In Memoriam: The Annie Oakley Foundation
This page is a memorial to Bess Edwards, Annie Oakley’s grandniece. Bess’s grandfather, John, was Annie’s brother. Bess and Lavon Grawburg, grandnieces of Annie Oakley, started the Annie Oakley Foundation in 1984. See the Annie Oakley Foundation’s Mission Statement and a catalog of their accomplishments below.
Directors and officers came and went over the years, but Bess remained steadfast and carried on after Lavon died. Carol and I got involved about 1999 in doing research for the book, Peters & King. Carol became the AOF Secretary, and I became AOF President and Chairman of the Board. During our tenure, there were a number of notable contributors to the on-going foundation. Holly Finnarn became an AOF Director and her husband, Ted Finnarn, became our legal counsel and furnished their law office for a number of years as our meeting site. For a time, Tractor Supply in Greenville allowed us the use of their conference room. Bess’s brother-in-law, Bill Edwards provided financial and moral support from afar and provided the large photo prints we used at our exhibits. In more recent years, Tom Guillozet, of the Hanes Law Group Ltd., became our legal counsel and the firm allowed us the use of their law library for meetings. Betty Wonder became a great friend to Bess and to all of us. She was an AOF Director and AOF Secretary until her death.Betty’s husband Ted Wonder, gave us financial support upon his death. Don Fitzgerald was a loyal and long-time AOF Director until his death. Doctors (professors) Walt and Janet Goulet were AOF Directors, as was Joan Klein.The Ohio Gun Collector’s Association, particularly OGCA Presidents Bob Rubendunst and Walt Goulet, along with OGCA Business Manager, Laura Knotts, provided logistical and financial support. Bess Edward’s daughter, Janet Bailey, actively supported her mother as she became older and less able to drive and travel. This included a trip to Paris, France to visit Disney’s rendition of the Wild West Show in that city as their guest, and to Germany to appear on TV there. Judy Lear, was a faithful supporter of the AOF for logistical purposes. Brian Swiger did yeoman service as AOF Treasurer for a number of years. The DVD about Annie’s life that AOF produced was done by Brad Wallace (and his family), with AOF Director Allen Harbison in 2005 for a fraction of the going rate for such excellent work.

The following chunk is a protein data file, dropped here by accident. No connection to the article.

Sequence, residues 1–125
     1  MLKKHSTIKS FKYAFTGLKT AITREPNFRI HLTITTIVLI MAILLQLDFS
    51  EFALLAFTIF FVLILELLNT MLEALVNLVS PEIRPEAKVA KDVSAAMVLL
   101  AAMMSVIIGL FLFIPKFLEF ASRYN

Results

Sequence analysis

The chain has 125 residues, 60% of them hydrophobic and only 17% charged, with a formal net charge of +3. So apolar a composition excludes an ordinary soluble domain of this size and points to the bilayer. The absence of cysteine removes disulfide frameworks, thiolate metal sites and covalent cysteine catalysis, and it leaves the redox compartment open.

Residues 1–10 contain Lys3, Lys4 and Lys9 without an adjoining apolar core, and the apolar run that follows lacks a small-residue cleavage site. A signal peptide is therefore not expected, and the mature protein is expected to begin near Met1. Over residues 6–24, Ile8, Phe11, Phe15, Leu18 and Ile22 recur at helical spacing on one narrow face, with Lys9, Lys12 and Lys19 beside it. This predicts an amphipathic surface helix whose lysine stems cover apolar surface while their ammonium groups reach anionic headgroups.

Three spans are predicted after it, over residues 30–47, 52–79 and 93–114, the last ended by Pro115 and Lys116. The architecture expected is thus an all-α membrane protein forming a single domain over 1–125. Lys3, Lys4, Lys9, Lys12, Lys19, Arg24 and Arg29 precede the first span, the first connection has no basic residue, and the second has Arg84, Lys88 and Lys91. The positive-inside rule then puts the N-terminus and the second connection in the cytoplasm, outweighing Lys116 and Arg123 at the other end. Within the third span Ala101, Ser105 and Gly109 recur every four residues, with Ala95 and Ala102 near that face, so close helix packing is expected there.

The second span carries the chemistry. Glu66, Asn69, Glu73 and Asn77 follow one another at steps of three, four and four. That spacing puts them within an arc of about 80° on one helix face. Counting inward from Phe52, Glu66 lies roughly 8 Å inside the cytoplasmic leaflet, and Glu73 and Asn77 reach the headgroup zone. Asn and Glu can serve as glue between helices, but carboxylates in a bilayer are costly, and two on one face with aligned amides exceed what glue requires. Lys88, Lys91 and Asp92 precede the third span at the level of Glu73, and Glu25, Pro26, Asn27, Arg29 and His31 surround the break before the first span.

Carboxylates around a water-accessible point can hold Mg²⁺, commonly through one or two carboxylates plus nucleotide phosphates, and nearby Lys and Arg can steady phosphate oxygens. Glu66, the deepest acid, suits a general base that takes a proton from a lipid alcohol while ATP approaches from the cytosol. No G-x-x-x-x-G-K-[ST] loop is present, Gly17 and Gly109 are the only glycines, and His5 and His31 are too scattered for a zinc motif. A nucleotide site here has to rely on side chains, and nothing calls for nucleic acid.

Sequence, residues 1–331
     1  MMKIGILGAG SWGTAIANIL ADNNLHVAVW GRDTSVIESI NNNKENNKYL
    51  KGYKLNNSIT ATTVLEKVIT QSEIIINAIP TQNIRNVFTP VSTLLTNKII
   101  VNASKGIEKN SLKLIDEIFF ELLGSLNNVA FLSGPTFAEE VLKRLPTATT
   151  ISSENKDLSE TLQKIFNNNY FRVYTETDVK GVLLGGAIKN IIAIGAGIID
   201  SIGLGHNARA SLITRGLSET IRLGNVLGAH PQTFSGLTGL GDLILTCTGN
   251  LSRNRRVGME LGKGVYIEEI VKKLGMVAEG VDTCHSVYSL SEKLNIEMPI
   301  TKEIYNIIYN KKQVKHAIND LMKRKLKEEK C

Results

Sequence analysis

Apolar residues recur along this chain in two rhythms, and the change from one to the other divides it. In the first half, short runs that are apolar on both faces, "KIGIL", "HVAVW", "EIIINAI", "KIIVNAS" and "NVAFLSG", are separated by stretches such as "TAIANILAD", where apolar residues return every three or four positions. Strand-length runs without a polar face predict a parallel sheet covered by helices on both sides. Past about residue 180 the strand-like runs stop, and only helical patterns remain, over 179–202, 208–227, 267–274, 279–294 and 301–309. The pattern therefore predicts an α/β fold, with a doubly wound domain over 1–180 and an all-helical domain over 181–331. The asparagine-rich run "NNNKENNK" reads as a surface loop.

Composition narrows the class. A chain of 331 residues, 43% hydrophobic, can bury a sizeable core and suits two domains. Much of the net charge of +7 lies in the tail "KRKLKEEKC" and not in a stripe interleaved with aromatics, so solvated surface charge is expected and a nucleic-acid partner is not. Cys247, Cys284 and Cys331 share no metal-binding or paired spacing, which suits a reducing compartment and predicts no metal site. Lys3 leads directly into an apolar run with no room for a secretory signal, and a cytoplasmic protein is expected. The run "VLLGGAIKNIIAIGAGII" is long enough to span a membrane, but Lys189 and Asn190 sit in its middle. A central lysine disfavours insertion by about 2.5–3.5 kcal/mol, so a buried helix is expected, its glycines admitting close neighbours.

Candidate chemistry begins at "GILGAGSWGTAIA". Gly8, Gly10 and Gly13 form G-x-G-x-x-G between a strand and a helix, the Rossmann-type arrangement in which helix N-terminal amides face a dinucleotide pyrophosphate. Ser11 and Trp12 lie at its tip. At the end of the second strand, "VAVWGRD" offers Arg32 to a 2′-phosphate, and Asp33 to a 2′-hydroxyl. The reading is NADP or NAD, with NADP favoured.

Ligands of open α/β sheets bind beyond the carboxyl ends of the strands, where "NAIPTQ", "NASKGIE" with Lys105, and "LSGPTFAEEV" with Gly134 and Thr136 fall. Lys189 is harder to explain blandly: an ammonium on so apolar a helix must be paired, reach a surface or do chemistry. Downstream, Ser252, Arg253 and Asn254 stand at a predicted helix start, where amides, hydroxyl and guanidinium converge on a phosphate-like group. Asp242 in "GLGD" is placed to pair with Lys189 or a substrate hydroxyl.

Annie Oakley’s life was the inspiration, but Bess Edwards was the primary one inspired. Her insistence on in-depth research, accuracy, and outreach on Annie’s life should be her legacy. Upon her death, it was deemed in the best interest of her legacy to turn over the AOF assets to the Annie Oakley Center Foundation.
Tom Schiffer, AOF President and Chairman of the Board
The mission of the Annie Oakley Foundation is to provide accurate information on the life and legend of Annie Oakley and to disseminate educational materials to schools, libraries and museums.
The 2018 Annie Oakley Foundation Board members, left to right: Tom Schiffer, Chair; Dave Niley; Carol Schiffer, Secretary; Pat McCarthy; Brian Swiger, Treasurer; Linda Baker; Tom Guillozet; with Janet Bailey, Bess Edwards' daughter, in attendance. They are shown here at Tom Guillozet's law office on July 18, 2018, in Greenville, OH, at the last meeting of the Annie Oakley Foundation as they have disbanded as a non-profit organization and transferred their assets to the Annie Oakley Center Foundation.
Members of the Board of the Directors of the Annie Oakley Foundation in 2016: (left to right): Tom Schiffer, chair, Carol Schiffer, secretary, Pat McCarthy, Dave Niley and Linda Baker, directors, and Brian Swiger, treasurer. Bess Edwards is seated.
Bess Edwards - Great grandniece of Annie Oakley. Photo by Marlene P. Creech, Spring of 2004.
History of the Annie Oakely Foundation
The Annie Oakley Foundation, a nonprofit, 501(c)(3) organization was created and incorporated in 1984 by her closest living family members, Bess Edwards and Lavon Grawburg, grandnieces of Annie Oakley. The aim of these direct relatives was/is to clarify and authenticate the life and career of this Ohio pioneer woman. After the death of her cousin, in 1992, Edwards has carried on the research to honor their commitment.
On the way to achieving the mission, troubling flaws were found in the early biographies of Phoebe Ann Mosey. Endless effort, which grew from a few months to years, has been put forth to research and correct false allegations, and erroneous, long-held beliefs. These efforts included searching early census on National Archives microfilm; corresponding with historians across the nation; studying the many scrapbooks compiled by Annie and her husband, Frank Butler; and using Annie's unfinished autobiography. News of renewed interest, honors and film-shoots have been covered in our newsletter "Taking Aim," which began in 1988.
Although Annie was not a westerner, she had always been identified as one by writers and filmmakers because of her role as the star attraction with the Buffalo Bill Wild West show. Annie blazed a trail in many areas of sports and entertainment.
Interest in her life and career has grown because of the remarkable way she and Frank Butler, her husband-manager and agent, handled her career and her celebrity. She has become a role model for students and foundation members ranging in age from nine to ninety.
Telling It Like It Was
The Foundation has invested much time, effort and money producing Annie Oakley: American Legend, the film which will finally "tell it like it was." Proceeds from the sale of this DVD will help fund continued educational outreach programs.
The "Spark Plug" of the Annie Oakley Foundation is Bess Edwards, Annie Oakley's great grandniece.
Along the way, The Annie Oakley Foundation has also assisted with arrangements for the following: